A talent for metaphor can go with a narrow, obsessive reduction of all experience to the same few terms. Absolutely the reverse is the case with these poems. They’re remarkable for their varied responsiveness to the world, their associative freedom and the amplitude in the movement of their ideas. Their language is richly varied, drawn from a range of semantic fields (including striking uses of scientific concepts and metaphors), and it shifts freely between formal and colloquial, even slangy registers. Apart from overt wordplay, Gross characteristically chooses words with acute sensitivity to the range of meanings and associations they bring into play. All this creates complex refractions of feeling and thought, generating complicated ripples of suggestion and response.

Verse lives by its author’s mastery of the cadences of speech and of the line. Gross is brilliantly versatile and original in his handling of rhythm, metre and form. “Step”, quoted above, is just one among many examples of how vividly the structure of his lines can seem to recreate the movement of what he’s describing. He uses indented lines equally vividly to suggest the movements not of the observed object but of the observing eye, or of the speaking voice or thinking mind. Moreover, much though he uses stepped lines and other forms of free verse, he’s equally able to draw original music out of a form as traditional as the iambic pentameter, as he does in “Variations on a Theme from the Cornish”. Finally, there are purely visual and emblematic effects, as in the mirror construction of “Whit”.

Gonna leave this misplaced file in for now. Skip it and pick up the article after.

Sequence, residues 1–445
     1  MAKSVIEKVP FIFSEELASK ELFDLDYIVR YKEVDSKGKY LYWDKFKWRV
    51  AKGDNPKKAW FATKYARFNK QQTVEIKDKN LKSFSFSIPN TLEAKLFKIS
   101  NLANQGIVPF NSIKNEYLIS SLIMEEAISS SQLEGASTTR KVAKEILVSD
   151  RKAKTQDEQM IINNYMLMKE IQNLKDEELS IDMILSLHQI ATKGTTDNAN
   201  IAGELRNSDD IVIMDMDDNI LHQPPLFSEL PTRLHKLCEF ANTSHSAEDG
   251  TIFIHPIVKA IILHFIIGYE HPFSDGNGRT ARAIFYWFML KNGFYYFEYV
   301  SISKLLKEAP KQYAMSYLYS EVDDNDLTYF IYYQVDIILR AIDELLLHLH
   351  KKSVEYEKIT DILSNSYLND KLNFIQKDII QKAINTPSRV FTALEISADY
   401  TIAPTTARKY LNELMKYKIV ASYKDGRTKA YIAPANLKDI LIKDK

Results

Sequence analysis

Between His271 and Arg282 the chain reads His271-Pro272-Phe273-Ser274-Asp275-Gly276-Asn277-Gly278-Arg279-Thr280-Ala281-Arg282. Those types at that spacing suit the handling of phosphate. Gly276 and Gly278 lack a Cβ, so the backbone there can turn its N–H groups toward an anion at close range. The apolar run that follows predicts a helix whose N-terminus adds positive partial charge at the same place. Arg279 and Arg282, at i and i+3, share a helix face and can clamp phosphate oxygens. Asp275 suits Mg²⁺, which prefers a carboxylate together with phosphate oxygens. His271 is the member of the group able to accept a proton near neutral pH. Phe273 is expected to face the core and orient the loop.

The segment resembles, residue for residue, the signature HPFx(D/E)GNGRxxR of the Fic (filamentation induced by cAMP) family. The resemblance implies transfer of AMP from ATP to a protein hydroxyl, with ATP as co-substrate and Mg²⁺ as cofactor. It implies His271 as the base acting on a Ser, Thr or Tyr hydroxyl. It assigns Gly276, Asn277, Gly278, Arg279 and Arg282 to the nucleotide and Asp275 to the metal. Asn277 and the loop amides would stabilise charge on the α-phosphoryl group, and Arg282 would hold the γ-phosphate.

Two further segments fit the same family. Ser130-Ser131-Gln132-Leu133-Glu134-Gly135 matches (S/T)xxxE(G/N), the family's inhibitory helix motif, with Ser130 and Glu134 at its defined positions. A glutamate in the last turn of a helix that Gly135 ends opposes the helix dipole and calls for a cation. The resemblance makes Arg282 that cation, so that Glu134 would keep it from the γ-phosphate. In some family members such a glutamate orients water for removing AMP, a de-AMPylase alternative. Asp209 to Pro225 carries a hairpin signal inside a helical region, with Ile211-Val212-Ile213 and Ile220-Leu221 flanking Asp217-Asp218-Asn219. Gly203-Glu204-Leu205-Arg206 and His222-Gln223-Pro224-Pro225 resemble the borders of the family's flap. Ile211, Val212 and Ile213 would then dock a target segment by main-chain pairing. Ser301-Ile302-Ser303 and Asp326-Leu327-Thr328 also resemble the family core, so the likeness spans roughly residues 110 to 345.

This isn’t to say there were no faults in the book. Occasionally I felt that lineation was used fussily, limiting the reader’s responses. Very occasionally I felt that ideas hadn’t found sufficiently imaginative expression. The title poem “Later”, for example, starts brilliantly. It’s strongly anchored in the physical world (“after the work stopped / water filled the quarry pit”) but presents it in rapid strokes and then changes perspective with inspired imaginative freedom, suddenly moving into the sky, to a bird’s eye view:


then it was available for light

and for transients, drawn

               by its glint from the sky


before coming back to earth for a wonderfully delicate, precise view of the birds themselves as they appear to the human eye and the anthropomorphising imagination:


dip-and-shrugging and

                 frisking themselves. One

stands up, almost, on the water …
The sheer imaginative thereness of the birds underwrites the reflections on the ideas of self and being that follow in the final two stanzas. The trouble is, the expression of these ideas is abstract and clumsily involved. There’s something almost magical about the way the last word of the poem seems to float free of the sentence, receding into the white space of the page like an astronaut cut adrift from his ship, but it isn’t enough to redeem what precedes it:


but what we are, thrown

               out and off, un-self-seen,

once-for-all, betraying even as it leaves us

our position, giving itself (don’t you long

                              to say ‘gladly’?) away


Such blemishes are rare. This is a remarkable book; only the fineness of almost all of it makes the awkward moments stand out.

I wrote this for Acumen 78 and would like to thank Patricia Oxley for her permission to post it here.